Page Type Page Type: Mountain/Rock
Location Lat/Lon: 44.45094°N / 110.14275°W
Additional Information County: Park
Activities Activities: Hiking, Scrambling, Skiing
Seasons Season: Spring, Summer, Fall, Winter
Additional Information Elevation: 10245 ft / 3123 m
Sign the Climber's Log


Top Notch Peak, named for the prominent gash between its north and south summits, is the backdrop to the pretty lakes of Yellowtone Park's East Entrance Road. But while hundreds of park visitors trudge up the barren screes of nearby Avalanche Peak, the prettier and wilder Top Notch is rarely visited.

With a couple of hours to spare and a little confidence in finding your own way, you can walk the sweeping northeast ridge of Top Notch, cross the secret hanging valley east of the peak, and scramble to a clifftop vantage point with wide open views of Yellowstone Lake and down the park's untracked eastern margin.

And if you've got more time, the summit of Top Notch is the gateway to the ridge leading onward toward Mts. Langford, Doane and Stevenson. Walking that ridge, with Yellowstone Lake spread out at your feet and the undulating grassy crest stretching on forever, is freedom itself. 
Early morning view of Top...
Top Notch from the little lake you pass on the route to the summit. (Photo Alcas24)

Getting There

To climb Top Notch Peak, park at the Avalanche Peak trailhead parking. This marked pullout is located by Eleanor Lake about a mile west of Sylvan Pass on Yellowstone Park's East Entrance Road, on the south side of the highway.


View from the north after...
Northeast Ridge (Alcas24)

Regular Route--Northeast and Southeast Ridges: The most common route up the mountain starts from the parking area and diagonals across the slope above Eleanor Lake to reach the hanging valley directly north of Top Notch Peak. You'll find some intermittent game trails to assist you, but this is basically a bushwhack, and you'll need good navigation skills. After enjoying the pretty lake near the mouth of this valley, gain the toe of the prominent, open northeast ridge of the peak. Follow this due south for about a mile, until the ridge turns westward toward the summit. From here, the northeast ridge leads to a dead end at the north summit of the peak (not the true summit), from which crossing the "notch" to the main summit is loose, exposed, and difficult. It's better to abandon the northeast ridge when it turns west, instead continuing due south across the big hanging cirque east of the peak. A class 2 scramble gets you on the southeast ridge, which leads easily to the summit.

The cirque has a very flat bottom that until mid-season will be full of bottomless rotten snow, so it's generally best to cross right along its outermost rim, along the top of the breccia crags dropping down to Middle Creek.
From the North
Looking at the summit from the "timbered ridge" (b.)

Northwest Route:

Alternatively, from about halfway between Sylvan and Eleanor Lakes, light bushwhacking gets you on a timbered ridge that hits the main Top Notch-Grizzly Peak ridge about halfway between the two summits; from there, walk the main ridge through scrubby trees to the summit of Top Notch. This ridge goes directly to the true summit, so you avoid the notch this way.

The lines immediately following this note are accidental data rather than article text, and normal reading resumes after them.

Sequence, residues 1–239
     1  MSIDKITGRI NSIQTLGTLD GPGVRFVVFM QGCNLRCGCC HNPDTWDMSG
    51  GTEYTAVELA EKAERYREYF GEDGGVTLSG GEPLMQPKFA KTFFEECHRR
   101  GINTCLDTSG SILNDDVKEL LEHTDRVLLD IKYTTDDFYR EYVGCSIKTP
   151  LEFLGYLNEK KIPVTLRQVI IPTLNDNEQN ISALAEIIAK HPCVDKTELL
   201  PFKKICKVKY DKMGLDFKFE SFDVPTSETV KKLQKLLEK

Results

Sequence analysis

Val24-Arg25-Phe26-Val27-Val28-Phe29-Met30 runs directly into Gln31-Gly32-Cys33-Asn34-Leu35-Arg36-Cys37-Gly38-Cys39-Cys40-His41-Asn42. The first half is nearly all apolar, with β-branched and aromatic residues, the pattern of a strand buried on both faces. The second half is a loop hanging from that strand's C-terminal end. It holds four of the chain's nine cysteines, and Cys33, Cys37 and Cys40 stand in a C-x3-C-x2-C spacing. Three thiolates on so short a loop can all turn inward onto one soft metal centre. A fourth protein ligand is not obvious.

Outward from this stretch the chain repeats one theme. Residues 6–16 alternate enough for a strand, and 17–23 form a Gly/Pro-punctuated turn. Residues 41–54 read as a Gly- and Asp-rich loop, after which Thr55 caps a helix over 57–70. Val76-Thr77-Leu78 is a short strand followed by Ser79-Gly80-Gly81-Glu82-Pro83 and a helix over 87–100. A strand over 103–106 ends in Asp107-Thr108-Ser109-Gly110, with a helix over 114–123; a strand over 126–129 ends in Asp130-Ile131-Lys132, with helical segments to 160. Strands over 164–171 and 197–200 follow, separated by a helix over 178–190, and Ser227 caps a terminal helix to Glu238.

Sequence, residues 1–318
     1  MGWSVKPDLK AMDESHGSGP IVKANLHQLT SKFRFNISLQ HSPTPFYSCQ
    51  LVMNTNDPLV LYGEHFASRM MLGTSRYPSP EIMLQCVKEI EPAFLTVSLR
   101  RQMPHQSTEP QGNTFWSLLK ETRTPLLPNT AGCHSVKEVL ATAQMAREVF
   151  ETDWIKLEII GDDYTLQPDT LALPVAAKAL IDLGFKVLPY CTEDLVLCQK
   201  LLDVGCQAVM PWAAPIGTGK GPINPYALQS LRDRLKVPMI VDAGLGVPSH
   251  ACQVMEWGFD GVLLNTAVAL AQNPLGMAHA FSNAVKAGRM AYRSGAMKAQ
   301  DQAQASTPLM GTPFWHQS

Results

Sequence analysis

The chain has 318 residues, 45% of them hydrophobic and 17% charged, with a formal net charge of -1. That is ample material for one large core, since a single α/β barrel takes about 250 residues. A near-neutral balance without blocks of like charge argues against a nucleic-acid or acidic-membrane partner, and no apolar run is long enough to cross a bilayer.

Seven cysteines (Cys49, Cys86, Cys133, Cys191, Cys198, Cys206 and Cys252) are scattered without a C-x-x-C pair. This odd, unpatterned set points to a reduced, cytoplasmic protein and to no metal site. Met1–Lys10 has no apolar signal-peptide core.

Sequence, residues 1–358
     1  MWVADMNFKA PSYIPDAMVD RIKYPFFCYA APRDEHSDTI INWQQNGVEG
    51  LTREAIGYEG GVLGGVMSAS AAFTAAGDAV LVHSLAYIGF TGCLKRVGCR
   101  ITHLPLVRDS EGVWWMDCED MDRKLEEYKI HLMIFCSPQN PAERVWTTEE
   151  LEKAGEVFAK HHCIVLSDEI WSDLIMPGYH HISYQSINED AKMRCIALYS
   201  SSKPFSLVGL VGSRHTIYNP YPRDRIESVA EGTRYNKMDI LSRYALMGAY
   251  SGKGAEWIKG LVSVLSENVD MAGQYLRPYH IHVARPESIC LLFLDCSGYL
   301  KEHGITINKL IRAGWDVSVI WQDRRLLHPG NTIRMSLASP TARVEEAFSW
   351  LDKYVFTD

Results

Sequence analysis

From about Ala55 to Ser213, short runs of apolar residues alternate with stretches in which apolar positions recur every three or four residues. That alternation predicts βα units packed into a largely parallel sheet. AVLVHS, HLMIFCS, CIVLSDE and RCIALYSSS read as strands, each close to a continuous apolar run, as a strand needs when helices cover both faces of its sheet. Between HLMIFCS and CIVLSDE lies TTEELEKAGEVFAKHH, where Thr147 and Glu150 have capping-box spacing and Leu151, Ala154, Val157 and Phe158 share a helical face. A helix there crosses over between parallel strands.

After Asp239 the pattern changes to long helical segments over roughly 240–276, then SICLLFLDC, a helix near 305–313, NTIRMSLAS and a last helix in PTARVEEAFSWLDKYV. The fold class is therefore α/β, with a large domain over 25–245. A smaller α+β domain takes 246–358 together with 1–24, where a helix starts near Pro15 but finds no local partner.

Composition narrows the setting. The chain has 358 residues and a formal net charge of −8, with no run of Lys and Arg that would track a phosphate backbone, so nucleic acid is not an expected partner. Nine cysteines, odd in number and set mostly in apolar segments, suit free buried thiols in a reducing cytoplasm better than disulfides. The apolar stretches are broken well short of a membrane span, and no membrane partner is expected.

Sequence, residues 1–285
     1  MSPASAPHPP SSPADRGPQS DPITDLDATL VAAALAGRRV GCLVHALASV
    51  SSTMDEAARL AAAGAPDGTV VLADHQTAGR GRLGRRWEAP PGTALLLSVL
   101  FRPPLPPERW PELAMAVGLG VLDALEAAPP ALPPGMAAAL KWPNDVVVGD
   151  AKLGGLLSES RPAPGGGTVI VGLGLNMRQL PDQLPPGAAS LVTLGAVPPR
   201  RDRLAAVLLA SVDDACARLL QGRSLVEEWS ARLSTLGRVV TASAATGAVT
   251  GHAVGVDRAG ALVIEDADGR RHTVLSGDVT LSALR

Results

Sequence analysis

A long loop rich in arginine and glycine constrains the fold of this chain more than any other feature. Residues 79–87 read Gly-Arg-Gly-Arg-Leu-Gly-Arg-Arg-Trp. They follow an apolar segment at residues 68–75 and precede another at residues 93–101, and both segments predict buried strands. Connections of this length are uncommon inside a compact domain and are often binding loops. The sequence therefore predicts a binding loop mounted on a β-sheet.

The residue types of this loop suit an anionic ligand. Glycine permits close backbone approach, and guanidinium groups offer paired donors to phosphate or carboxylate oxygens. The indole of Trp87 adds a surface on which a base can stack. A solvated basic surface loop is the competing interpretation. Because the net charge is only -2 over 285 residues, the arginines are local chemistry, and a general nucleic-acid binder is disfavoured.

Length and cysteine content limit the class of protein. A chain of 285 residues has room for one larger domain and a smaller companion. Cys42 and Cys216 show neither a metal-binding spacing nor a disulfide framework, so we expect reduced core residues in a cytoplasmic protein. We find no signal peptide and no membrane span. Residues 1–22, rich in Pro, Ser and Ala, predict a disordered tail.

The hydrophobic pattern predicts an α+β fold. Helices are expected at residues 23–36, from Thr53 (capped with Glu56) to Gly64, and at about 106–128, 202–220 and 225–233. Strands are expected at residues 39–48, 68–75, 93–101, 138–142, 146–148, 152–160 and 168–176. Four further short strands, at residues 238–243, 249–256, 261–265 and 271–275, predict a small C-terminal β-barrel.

The north ridge--the one that appears to lead straight from the Avalanche Peak trailhead parking to the summit--dead-ends at the notch.


Topo map for My Ascent
This map, submitted by SPer Matt Horbal, shows a GPS track of Horbal's 2008 climb. He used a variant of the regular route to the summit--he started at the opposite end of Eleanor Lake from the Avalanche trailhead. This works, but the bushwhacking is a little steeper and harder.

Red Tape

Summits Near Hoyt Peak
Top Notch (R) from the north. Mts. Doane and Stevenson are in the distance. (Photo: thephotohiker)

There is essentially no red tape for a day trip up Top Notch, apart from the need to pay the Yellowstone Park entrance fee when you enter the park. For overnight trips, see "Camping."


A Backcountry Use Permit is required for all overnight trips in the backcountry of Yellowstone. It costs $20 and must be obtained in person. Furthermore, these permits are generally granted only for a set of "designated campsites," and there are none of those in the Top Notch backcountry.

The Park Service allows camping in undesignated sites "occasionally" when the camper obtains "special approval." Therefore, if you are interested in camping on Top Notch (such in pretty hanging cirque east of the peak), you will need to obtain this special approval. I think it is somewhat unlikely to be granted for a destination as close to the road as Top Notch. Inquiries can be made by e-mail to .



Parents refers to a larger category under which an object falls. For example, theAconcagua mountain page has the 'Aconcagua Group' and the 'Seven Summits' asparents and is a parent itself to many routes, photos, and Trip Reports.

Absaroka RangeMountains & Rocks
Southeast Absaroka RangeMountains & Rocks
Yellowstone National ParkMountains & Rocks